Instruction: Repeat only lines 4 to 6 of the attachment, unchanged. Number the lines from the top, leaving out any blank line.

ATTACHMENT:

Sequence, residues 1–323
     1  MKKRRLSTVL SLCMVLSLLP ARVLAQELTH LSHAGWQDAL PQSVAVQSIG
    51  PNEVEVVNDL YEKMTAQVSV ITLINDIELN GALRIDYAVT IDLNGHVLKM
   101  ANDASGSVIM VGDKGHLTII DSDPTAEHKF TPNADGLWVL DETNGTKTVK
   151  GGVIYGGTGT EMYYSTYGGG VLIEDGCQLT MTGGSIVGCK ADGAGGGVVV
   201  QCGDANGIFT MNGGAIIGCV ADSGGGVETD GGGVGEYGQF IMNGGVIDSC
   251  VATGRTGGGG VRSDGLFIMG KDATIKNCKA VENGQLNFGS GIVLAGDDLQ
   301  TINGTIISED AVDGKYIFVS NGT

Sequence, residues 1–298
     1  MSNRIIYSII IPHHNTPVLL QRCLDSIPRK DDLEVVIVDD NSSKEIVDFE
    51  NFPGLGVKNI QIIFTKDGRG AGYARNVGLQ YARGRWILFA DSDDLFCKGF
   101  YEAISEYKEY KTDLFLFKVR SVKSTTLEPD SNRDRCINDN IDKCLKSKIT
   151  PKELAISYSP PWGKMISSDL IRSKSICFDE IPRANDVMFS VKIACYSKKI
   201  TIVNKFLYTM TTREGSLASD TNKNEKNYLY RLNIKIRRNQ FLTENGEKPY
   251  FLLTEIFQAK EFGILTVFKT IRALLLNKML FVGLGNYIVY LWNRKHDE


   101  ANDASGSVIM VGDKGHLTII DSDPTAEHKF TPNADGLWVL DETNGTKTVK
   151  GGVIYGGTGT EMYYSTYGGG VLIEDGCQLT MTGGSIVGCK ADGAGGGVVV
   201  QCGDANGIFT MNGGAIIGCV ADSGGGVETD GGGVGEYGQF IMNGGVIDSC